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New process could help combat rare Earth resource shortage

Money and global conflict have long been the core drivers of innovation.

I. What is Old, is New Again

So with rare earth metal prices at an all time high, and U.S. buyers irked by the fact that rare earth metals are controlled by China, the pressure to find alternatives or to reuse existing stocks is extreme.

That backdrop has driven the U.S. Department of Energy’s (DOE) Ames Laboratory  -- a research institution tied to the Iowa State University -- to refine a process it developed in the 1990s, repurposing it for molten rare earth metal recycling.

The process looks to extract neodymium, which is one of the most commonly used rare earth metals.  Only 20,000 tons of neodymium is produced per year, while demand is around 22,350 tons [source].  The scarce resource is primarily used in powerful magnets that are used to regenerate power in hybrid electric vehicles or to generate power in wind turbines.

Neodymium wide
Slowly China came to dominate rare earth metal production, a realm once dominated by the U.S. (neodymium magnets pictured) [Image Source: Doug Kanter/Bloomberg]

Prices on neodymium have relaxed slightly, but still sit at around $150 USD/kg [source].  And a greater looming problem is that prospecting only estimates global reserves of the resource to be at around 8 million tons [source].

The original Ames Lab project in the 1990s merely looked to extract neodymium from neodymium-iron-boron magnet scrap, using liquid magnesium.  The idea was that the neodymium would strengthen the resulting alloy.  At the time rare earth prices were low, so this was the most attractive use of the scrap method.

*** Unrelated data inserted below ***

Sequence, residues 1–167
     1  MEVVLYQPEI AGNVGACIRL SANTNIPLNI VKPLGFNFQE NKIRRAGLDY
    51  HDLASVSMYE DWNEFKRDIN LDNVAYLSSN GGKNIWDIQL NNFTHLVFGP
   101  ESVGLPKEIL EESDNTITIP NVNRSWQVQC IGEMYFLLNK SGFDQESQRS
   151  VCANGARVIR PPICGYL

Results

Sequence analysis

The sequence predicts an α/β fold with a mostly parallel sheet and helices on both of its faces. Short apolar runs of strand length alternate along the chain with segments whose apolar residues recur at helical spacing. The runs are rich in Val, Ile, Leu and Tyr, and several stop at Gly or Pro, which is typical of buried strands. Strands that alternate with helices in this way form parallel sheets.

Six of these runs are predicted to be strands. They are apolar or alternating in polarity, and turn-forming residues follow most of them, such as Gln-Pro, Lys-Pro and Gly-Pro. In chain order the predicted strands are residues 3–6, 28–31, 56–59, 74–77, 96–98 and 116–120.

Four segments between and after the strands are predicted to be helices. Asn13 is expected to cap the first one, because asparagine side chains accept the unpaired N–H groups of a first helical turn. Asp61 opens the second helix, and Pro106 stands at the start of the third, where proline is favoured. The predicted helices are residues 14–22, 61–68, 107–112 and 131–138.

Rare earth metals
Neodymium from Chinese-owned Inner Mongolia Baotou Steel Rare-Earth Hi-Tech Co. factory in Baotou, Inner Mongol  [Image Source: Nelson Ching/Bloomberg]

But with rare earth prices soaring, Ames Lab researchers began to think about repurposing the method to extract the neodymium.  The crucial question was whether the resulting yields would retain the same attractive magnetic properties as the original magnets.

II. Molten Extraction

Lead researcher Ryan Ott worked with colleague Larry Jones, also of Ames Lab.  Professor Ott describes the process, commenting, "We start with sintered, uncoated magnets that contain three rare earths: neodymium, praseodymium and dysprosium.  Then we break up the magnets in an automated mortar and pestle until the pieces are 2-4 millimeters long."

The magnet scraps go in a mesh screen box within a steel crucible and magnesium chunks are added.  Heated by radio waves, the magnesium in the vessel is melted, while the magnet scraps remain solid.  Magnesium has a relatively low melting point of 923 K, 650 °C (Neodymium's melting point is 1297 K, 1024 °C).

The magic is that the rare earths then diffuse out of the magnet scraps.  Professor Ott describes, "The iron and boron that made up the original magnet are left behind."

Rare earth extraction
The rare earth metals are extracted via diffusion into molten magnesium.
[Image Source: Ames Lab]

The magnesium + rare earths combination is cast into an ingot and cooled.  Finally, the magnesium is boiled off, leaving behind only the neodymium, praseodymium and dysprosium in a smaller ingot of pure rare earths.

Early tests show the material properties of the extracted metals compare "favorably" with those of unprocessed materials.  The next step will be to refine the extraction process and demonstrate it on a large industrial scale.

Comments Professor Ott, "We’re continuing to identify the ideal processing conditions.  We want to help bridge the gap between the fundamental science and using this science in manufacturing.  And Ames Lab can process big enough amounts of material to show that our rare-earth recycling process works on a large scale."